Academic journal article Social Work Research

First Births among Unmarried Adolescent Girls: Risk and Protective Factors

Academic journal article Social Work Research

First Births among Unmarried Adolescent Girls: Risk and Protective Factors

Article excerpt

In this longitudinal investigation, the authors drew on cumulative risk theories to provide new evidence about the effects of sociodemographic risk factors for adolescent nonmarital childbearing among 958 girls in a nationally representative sample. The effect of a cumulative risk index was highly significant--adolescent girls who experienced five or more sociodemographic risk factors were 16 times more likely than their counterparts with only one risk factor to experience a nonmarital childbirth during the teenage years. The authors also examined the role of hypothesized protective factors--including high self-esteem, high basic skills, and high educational expectations--in interaction with the cumulative risk index. Findings suggest that under similar levels of sociodemographic risk, adolescent girls with high educational expectations are less likely to experience a nonmarital birth. However, the buffering effects of high educational expectations account for comparatively less than cumulative risk effects on nonmarital childbearing during adolescence.

Key words: adolescents; childbearing; protective factors; risks; unwed mothers

Researchers and policymakers have long been concerned with the unacceptably high rate of adolescent nonmarital childbearing. These concerns center on the increasing proportions of welfare use among mothers who bear children as unmarried teenagers, the potential limited life chances of teenagers who become parents, and the heightened developmental risks faced by the children of adolescent mothers (Coley & Chase-Lansdale, 1998; Furstenberg, Brooks-Gunn, & Chase-Lansdale, 1989; Leadbeater & Bishop, 1994).

Effective policies and programs designed to reduce adolescent childbearing require an understanding of its complex and interrelated array of antecedent factors. A vast literature describes sociodemographic risk factors (for example, family structure, poverty status) for adolescent childbearing (Hayes, 1987; Wu, 1996; Wu & Martinson, 1993), and more recently, studies have examined the role of more proximal individual characteristics and attitudes (Coley & Chase-Lansdale, 1998; Plotnick, 1992). Still lacking, however, is a complete understanding of how individual characteristics moderate sociodemographic risk. Faced with sociodemographic stresses, some children and youths avoid problematic outcomes, in part because of individual characteristics. These children are labeled "resilient" because they defy the odds and develop successfully (Luker, 1996; Luthar, 1991). Key individual factors, including high levels of self-esteem, basic skills, and educational expectations, have been identified as serving protective functions in numerous studies of children and youths across a range of problematic outcomes (Garmezy, 1991; Luthar; Rutter, 1987; Sameroff, Bartko, Baldwin, Baldwin, & Siefer, 1998; Sameroff, Siefer, Zax, & Barocas, 1987). Such factors also may influence the association between sociodemographic risk factors and adolescent nonmarital childbearing. The primary aim of the investigation reported in this article was to explore whether and how these variables are related to nonmarital childbearing during adolescence. Specifically, we tested whether the association of cumulative sociodemographic risk and adolescent nonmarital childbearing depends on the presence or absence of hypothesized protective factors.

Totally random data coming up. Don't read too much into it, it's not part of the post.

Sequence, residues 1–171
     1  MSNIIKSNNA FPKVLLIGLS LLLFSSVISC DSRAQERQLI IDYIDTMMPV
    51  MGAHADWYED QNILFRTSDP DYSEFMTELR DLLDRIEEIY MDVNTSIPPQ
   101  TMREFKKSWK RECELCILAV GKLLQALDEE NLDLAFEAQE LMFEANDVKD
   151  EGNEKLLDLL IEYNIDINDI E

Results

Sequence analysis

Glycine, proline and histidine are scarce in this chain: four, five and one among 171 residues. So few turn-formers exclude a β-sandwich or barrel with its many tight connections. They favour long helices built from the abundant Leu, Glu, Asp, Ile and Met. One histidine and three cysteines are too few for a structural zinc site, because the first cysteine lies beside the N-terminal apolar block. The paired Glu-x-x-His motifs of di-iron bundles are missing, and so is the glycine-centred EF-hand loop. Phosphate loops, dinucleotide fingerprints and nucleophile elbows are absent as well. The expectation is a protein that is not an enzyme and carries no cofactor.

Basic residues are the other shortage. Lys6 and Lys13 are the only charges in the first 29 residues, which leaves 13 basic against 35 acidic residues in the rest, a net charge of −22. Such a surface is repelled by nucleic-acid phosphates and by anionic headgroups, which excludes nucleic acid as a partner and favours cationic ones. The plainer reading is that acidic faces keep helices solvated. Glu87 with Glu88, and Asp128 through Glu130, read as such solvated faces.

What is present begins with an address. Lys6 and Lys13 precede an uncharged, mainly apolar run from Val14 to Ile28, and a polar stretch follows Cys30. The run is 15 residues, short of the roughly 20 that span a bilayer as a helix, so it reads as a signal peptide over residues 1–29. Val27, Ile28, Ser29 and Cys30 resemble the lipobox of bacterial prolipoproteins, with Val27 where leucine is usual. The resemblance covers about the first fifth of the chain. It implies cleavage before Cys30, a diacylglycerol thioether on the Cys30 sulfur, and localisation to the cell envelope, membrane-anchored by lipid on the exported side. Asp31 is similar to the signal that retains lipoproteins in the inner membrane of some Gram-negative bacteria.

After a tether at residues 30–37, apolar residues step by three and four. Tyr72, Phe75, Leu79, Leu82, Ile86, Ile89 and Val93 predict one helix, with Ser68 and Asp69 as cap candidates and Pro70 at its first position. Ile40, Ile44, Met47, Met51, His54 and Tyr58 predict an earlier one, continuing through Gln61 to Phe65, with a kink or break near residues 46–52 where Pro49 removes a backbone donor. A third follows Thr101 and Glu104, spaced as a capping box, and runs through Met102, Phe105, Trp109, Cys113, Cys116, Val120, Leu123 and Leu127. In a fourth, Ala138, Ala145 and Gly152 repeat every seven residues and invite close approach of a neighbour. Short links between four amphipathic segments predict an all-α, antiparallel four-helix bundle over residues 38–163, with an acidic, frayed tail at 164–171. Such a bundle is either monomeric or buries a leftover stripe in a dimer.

Incidence and Correlates of Adolescent Nonmarital Childbearing

In recent years the teenage nonmarital birth rate has declined steadily (Levin-Epstein, 1996). The proportion of all nonmarital births that occurs to teenagers is currently less than one in three, a decline since 1970, when half of all nonmarital births occurred to adolescents (Ventura, Bachrach, Hill, Kaye, Holcomb, & Koff, 1995). At the same time 76 percent of births to adolescents occur outside of marriage. It is important to remember that the path to nonmarital childbearing includes decisions and behavior related to sexual activity, contraception, marriage, abortion, and adoption (Coley & Chase-Lansdale, 1998; Miller & Moore, 1990). …

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